Saturday, May 22, 2010

The beauty industry can kill you. I'm not just saying that as a radical feminist or a person who has read The Story of Stuff and is now acutely aware that everything we do and buy will kill a)us b)the planet. No, I'm saying this because the industry pushes us to see our dark skin or our aging skin as wrong. It pushes us to see the first issue to think about when there's some dissatisfaction in our lives as beauty. Instead of am I kind to others? Is the work I doing satisfying? It pushes us to see the issue as our thighs, our hair that reaches towards the sky instead of blowing in the wind, So the first thing we reach for isn't the stillness inside ourselves, but a product. Not only is that bad for our souls, the fact that to make a bigger profit they slack on safety, so that mercury is in these creams, is killing us as well.


On Whiteness and Sustainable agriculture.

I agree with the commentators that when brown bodies bike, it's seen as a symbol of poverty, and when white bodies bike, it's a movement. When brown bodies have a backyard garden and chickens in the ghetto, it's quaint, or rustic, when white bodies do that, it's a revolution. When brown bodies go to the Indian market and eat fresh, it's unseen, when white bodies do it, it's a trend.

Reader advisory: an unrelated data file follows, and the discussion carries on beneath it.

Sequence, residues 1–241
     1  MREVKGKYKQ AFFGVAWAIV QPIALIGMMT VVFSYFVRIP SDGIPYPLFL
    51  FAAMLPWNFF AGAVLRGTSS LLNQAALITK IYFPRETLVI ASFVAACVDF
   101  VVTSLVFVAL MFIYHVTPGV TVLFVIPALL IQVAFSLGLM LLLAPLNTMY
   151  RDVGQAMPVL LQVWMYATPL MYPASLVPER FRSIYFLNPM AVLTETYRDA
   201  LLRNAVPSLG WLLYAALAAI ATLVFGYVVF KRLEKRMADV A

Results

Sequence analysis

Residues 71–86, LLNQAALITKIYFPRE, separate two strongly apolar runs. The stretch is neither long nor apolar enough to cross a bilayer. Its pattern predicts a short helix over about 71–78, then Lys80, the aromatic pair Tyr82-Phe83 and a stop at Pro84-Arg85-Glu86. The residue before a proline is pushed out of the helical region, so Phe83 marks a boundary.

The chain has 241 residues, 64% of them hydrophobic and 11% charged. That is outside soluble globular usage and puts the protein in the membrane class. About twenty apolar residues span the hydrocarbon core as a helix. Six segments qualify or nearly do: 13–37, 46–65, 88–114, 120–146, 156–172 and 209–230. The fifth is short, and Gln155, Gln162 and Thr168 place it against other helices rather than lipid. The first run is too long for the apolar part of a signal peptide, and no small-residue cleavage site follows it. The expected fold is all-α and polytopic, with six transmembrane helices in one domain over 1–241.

My family has been 'green' for a long time. My granddad had nearly a farm in his backyard, and I'm sure when white folks discover that a whole crew of cousins can fit in the same two prom dresses, it'll be on the front cover of the New York Times.

1 comment:

Sarahlynn said...

Do you watch America's Next Top Model? Probably not. Why on earth would you? I have no excuse for myself. Anyway.

This year's winner was a dark skinned woman named Krista and she was all tough and composed and professional and cool all season long. Then when she won she broke down and cried to Tyra Banks and talked about how she never saw people like her on the covers of magazines growing up and how meaningful she thinks it will be to other girls that she won. The louder-than-words subtext was: Look, Tyra, thanks for the opportunity. I want people to see that a black woman can be a successful model without colored contacts, a blond weave, and light skin.